Previously published phase 2 results showed that treatment with givinostat significantly increased the fraction of muscle tissue seen in post-treatment muscle biopsies and reduced the amount of fibrotic tissue. It also substantially reduced tissue necrosis and fatty replacement. Overall, the drug significantly counteracted the histological disease progression typically seen in ambulant boys with DMD aged 7 to 10 years.5

Follow-up analyses in a long-term extension of the previously reported phase 2 trial showed a delay in disease progression in patients treated with givinostat and steroids for more than 6 years compared with published results from the natural history study by The Cooperative International Neuromuscular Research Group (CINRG).

Notably, the mean age of loss of ambulation in those treated with givinostat plus corticosteroids was 15.20 years compared to 13.40 years in the CINRG study. Moreover, the yearly rate of decline of 2 respiratory parameters, forced vital capacity percent predicted (FVC%) and peak expiratory flow percent predicted (PEF%) was 2.3% and 0%, respectively in subjects with DMD treated with givinostat and corticosteroids.6

"We're delighted to see another drug approved for Duchenne. I think we're starting to get a critical mass of options for patients, which is different from where we were 10 years or even 5 years ago where we didn't have a lot of options for Duchenne,” Sharon Hesterlee, PhD, chief research officer at Muscular Dystrophy Association, told NeurologyLive. “This approval is exciting because givinostat is the first HDAC inhibitor, a particular type of category drug, approved for DMD. Some other HDAC inhibitors are approved but primarily in the cancer space, so this is a new direction for these drugs. We're pleased to have been a part of this as we funded some foundational research in HDAC inhibitors in muscular dystrophy. It's gratifying to see yet another drug approved, where we felt like we played some role in that and we're excited that that option is available to patients now."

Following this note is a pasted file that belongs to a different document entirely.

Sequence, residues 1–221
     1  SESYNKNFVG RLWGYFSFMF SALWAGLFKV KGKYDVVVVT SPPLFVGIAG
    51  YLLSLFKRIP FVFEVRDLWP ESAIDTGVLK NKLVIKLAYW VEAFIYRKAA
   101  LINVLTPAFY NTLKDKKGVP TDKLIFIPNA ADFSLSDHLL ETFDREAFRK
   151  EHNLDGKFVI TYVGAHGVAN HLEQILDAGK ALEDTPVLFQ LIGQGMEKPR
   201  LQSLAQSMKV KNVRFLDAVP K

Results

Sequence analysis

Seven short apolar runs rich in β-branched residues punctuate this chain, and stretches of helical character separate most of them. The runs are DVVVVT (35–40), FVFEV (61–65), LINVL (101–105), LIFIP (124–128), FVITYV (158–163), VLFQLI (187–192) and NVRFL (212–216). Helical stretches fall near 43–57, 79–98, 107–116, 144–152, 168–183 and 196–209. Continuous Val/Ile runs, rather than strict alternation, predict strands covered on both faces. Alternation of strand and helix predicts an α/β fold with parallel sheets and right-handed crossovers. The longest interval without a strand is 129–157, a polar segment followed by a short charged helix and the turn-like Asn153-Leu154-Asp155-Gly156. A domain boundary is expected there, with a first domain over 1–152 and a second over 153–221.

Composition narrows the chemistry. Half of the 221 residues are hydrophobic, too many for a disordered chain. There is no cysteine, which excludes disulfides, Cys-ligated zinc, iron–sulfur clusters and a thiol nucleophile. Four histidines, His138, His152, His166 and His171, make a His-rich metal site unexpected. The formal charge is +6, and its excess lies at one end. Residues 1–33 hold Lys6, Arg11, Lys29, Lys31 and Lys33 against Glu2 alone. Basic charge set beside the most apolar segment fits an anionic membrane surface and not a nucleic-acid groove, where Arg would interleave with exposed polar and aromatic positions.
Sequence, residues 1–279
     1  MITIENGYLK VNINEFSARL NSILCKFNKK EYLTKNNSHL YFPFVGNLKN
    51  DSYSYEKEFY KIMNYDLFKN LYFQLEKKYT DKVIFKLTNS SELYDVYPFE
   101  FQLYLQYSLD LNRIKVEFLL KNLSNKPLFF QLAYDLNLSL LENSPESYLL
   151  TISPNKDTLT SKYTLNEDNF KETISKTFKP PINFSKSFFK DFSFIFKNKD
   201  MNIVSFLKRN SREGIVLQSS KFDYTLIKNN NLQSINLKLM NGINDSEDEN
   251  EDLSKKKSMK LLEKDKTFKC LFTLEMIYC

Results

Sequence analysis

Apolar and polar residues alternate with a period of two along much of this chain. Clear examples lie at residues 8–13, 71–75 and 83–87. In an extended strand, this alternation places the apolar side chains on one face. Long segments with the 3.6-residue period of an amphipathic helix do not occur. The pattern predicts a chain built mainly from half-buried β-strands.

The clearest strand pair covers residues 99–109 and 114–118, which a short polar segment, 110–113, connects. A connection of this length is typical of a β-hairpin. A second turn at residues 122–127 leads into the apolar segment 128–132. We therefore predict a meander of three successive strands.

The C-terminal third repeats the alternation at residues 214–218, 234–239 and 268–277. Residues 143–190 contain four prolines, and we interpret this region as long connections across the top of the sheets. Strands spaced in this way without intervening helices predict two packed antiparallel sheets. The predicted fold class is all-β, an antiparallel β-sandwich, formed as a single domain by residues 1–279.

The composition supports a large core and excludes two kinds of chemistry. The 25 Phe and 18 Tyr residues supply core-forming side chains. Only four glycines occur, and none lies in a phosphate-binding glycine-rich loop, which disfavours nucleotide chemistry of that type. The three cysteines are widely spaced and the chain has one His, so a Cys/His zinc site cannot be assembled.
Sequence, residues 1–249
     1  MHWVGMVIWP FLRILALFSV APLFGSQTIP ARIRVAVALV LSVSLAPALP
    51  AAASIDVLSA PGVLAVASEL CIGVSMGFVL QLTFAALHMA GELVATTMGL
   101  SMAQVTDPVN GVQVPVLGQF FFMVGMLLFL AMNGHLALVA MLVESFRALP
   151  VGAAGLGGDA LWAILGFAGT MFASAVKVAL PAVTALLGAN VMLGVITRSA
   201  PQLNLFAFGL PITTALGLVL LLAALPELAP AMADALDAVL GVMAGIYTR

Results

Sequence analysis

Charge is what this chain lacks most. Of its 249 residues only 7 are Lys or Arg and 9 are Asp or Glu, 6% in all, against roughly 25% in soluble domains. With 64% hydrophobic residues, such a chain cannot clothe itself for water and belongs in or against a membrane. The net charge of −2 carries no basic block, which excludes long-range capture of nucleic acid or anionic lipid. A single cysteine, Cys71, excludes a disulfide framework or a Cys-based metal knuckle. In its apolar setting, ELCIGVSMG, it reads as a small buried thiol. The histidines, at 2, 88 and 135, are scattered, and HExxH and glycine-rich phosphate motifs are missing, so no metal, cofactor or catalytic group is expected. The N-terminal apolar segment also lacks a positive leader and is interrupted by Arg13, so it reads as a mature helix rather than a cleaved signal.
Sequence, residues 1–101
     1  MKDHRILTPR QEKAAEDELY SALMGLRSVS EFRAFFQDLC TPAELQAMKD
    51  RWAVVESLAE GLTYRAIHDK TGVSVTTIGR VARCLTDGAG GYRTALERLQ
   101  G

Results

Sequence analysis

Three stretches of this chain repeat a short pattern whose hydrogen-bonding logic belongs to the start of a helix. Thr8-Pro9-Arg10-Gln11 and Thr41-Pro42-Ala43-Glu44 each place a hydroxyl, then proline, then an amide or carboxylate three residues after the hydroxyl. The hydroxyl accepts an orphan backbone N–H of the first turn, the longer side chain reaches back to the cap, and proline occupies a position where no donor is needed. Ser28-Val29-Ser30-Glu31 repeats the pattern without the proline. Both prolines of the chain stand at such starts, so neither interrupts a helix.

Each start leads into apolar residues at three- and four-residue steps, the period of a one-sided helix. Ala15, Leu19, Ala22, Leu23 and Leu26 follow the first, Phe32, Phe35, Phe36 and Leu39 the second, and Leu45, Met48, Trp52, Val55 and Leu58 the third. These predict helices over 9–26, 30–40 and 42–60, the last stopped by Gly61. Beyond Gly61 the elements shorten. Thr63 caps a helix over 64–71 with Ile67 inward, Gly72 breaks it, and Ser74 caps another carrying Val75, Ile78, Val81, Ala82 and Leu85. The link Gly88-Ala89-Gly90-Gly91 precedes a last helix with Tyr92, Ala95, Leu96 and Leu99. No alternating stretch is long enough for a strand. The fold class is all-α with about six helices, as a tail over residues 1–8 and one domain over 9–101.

REFERENCES
1. FDA Approves Nonsteroidal Treatment for Duchenne Muscular Dystrophy. FDA. News release. March 21, 2024. Accessed March 21, 2024. https://www.fda.gov/news-events/press-announcements/fda-approves-nonsteroidal-treatment-duchenne-muscular-dystrophy
2. Italfarmaco group announces new PDUFA date for givinostat DMD NDA. News release. November 29, 2023. Accessed March 21, 2024. https://finance.yahoo.com/news/italfarmaco-group-announces-pdufa-date-100000954.html
3. Mercuri E, Vilchez JJ, Boespflug-Tanguy O, et al. Safety and efficacy of givinostat in boys with Duchenne muscular dystrophy (EPIDYS): a multicentre, randomised, double-blind, placebo-controlled, phase 3 trial. Lancet Neurol. 2024;23(4):393-403. doi:10.1016/S1474-4422(24)00036-X
4. Mercuri EM, Brogna C, Zaidman C, et al. The EpidysGivinostat Study in DMD: supportive results. Presented at: 2024 MDA Clinical and Scientific Conference; March 3-6; Poster M163
5. Bettica P, Petrini S, D'oria V, et al. Histological effects of givinostat in boys with Duchenne muscular dystrophy. Neuromuscul Disord. 2016;26(10):643-649. doi:10.1016/j.nmd.2016.07.002
6. Italfarmaco provides update on advanced-stage clinical development program with givinostat in Duchenne muscular dystrophy. News release. Italfarmaco. April 27, 2020. Accessed March 21, 2024. https://www.businesswire.com/news/home/20200427005274/en/Italfarmaco-Provides-Update-on-Advanced-Stage-Clinical-Development-Program-with-Givinostat-in-Duchenne-Muscular-Dystrophy​